Monday, August 6, 2007

Meskhetian Turks

After transferring down to CNN World Headquarters in Atlanta, GA in 2005, I realized that though I was walking alone into an unknown city, I was not a foreigner. I desired to see this city and the South with fresh eyes. So, I began volunteering with the International Rescue Committee ( and in turn discovered the beauty of America through the eyes of refugees.

I adopted a family of Meskhetian Turks - the Tashtanov's. My role was to help get them on their feet as they fled Azerbaijan for American and seeked asylum in Atlanta, GA. Upon the Tashtanov's arrival, their English was non existent, but their eagerness to start a new life and gain an identity was unmistakable.

Meskhetian Turks have been twice deported in the past 60 years and are scattered across the CIS. They come from present day Georgia (as in the country) and to this day debate rages as to whether they are ethnic Georgians who adopted Islam, or Turks who were part of the Ottoman Empire’s expansion. However, few can dispute the nature of their forced eviction from Georgia.

In November 1944, under orders from Soviet dictator Joseph Stalin, nearly 120,00 Meskhetians were round up and deported to Central Asia. It has been suggested that Stalin saw Meskhetians as a potential Fifth Column, despite the fact that Meskhetians had not demonstrated signs of disloyalty.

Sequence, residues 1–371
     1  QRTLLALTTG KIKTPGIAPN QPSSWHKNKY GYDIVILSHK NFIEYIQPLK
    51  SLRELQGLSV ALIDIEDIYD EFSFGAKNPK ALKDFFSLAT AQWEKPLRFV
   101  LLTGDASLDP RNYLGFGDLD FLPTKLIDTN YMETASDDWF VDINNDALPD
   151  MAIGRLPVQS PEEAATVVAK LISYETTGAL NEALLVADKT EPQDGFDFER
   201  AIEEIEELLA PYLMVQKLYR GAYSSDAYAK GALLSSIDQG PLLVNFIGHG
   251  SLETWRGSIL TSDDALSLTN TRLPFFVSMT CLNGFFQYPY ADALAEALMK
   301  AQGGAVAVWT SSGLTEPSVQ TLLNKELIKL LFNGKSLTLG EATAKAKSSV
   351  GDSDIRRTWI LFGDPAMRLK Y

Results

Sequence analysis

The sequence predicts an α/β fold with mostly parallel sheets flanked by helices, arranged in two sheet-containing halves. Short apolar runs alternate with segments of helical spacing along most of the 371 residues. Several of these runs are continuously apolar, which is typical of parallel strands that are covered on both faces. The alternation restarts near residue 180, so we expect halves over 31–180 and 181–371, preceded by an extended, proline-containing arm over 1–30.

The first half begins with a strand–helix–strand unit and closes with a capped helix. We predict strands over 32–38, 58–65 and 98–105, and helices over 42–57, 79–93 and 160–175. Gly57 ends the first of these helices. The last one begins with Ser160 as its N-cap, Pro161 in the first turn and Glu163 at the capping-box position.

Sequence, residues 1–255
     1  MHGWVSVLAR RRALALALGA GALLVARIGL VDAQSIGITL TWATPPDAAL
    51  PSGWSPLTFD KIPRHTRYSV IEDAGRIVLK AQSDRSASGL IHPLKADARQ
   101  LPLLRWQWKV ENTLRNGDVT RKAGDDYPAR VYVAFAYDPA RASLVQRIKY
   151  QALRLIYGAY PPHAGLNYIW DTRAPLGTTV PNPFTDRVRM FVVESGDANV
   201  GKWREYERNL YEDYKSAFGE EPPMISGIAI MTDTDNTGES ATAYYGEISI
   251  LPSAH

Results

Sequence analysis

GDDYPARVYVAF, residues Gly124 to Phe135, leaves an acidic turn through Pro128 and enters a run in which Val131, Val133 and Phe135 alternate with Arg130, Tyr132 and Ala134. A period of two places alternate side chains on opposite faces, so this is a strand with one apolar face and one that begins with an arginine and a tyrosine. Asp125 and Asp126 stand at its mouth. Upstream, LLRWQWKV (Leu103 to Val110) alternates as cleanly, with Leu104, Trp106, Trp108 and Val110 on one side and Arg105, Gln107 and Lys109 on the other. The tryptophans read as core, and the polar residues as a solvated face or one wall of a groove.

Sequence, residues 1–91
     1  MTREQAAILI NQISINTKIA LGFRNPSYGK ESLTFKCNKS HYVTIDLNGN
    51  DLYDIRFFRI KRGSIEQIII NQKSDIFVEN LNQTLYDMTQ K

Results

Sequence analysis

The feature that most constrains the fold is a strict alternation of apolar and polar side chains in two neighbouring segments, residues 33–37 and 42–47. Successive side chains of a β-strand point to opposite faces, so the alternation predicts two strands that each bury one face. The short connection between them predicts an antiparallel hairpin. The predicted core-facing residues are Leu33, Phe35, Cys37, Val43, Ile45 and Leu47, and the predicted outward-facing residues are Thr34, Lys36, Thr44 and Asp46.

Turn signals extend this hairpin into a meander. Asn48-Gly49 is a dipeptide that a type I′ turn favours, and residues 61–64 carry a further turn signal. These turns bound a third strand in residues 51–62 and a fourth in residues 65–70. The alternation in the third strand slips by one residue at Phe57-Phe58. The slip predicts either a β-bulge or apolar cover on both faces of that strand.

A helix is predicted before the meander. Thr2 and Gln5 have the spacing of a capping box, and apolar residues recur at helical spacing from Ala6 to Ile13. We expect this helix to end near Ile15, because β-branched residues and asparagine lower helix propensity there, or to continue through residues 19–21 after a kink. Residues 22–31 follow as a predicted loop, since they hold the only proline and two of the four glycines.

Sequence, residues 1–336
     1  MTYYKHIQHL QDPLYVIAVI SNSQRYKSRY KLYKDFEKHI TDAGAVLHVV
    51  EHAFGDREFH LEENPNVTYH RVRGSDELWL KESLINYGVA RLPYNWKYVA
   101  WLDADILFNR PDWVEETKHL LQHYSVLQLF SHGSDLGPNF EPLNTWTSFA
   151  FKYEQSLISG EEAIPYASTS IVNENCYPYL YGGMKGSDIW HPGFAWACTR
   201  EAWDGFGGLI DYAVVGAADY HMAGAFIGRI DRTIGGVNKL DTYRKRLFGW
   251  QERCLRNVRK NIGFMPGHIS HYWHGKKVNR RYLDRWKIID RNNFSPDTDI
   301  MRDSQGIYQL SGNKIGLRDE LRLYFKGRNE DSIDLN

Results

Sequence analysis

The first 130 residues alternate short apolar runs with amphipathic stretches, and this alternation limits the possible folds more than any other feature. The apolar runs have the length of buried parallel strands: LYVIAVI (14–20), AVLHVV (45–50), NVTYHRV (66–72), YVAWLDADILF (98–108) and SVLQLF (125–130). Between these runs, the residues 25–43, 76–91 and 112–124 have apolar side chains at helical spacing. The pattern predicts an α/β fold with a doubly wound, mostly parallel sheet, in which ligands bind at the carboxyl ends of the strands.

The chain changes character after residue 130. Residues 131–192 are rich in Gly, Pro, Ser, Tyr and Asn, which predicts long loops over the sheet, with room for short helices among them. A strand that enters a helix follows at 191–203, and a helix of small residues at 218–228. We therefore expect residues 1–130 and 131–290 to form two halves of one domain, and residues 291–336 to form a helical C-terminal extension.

In June 1989 tragedy struck the Meskhetian community a second time. The outbreak of ethnic violence in the area of Uzbekistan prompted another uprooting. Meskhetians once again were scattered across Central Asia, Russia, Ukraine, Azerbaijan and Turkey.

And so came the Tashtanov's from Azerbaijan to Atlanta, GA as part of a resettlement program implemented by the US in 2004. They are a family of five brothers, all married with children. I worked with the youngest brother, his pregnant wife, and the parents. Together we got lost as I drove them around Atlanta, opening up bank accounts, buying cell phones, attending English class, and finding jobs. Together, we grew.

I learned about their culture and also taught them about ours. At times it was hard for me to bite my tongue as the women were constantly subsurviant to the men. To say the least, it was a learning process for us all, but I do hope I gave the five wives a bit more of a voice.

Their determination to make a life in Atlanta and succeed has been beautiful to watch. They are my inspiration.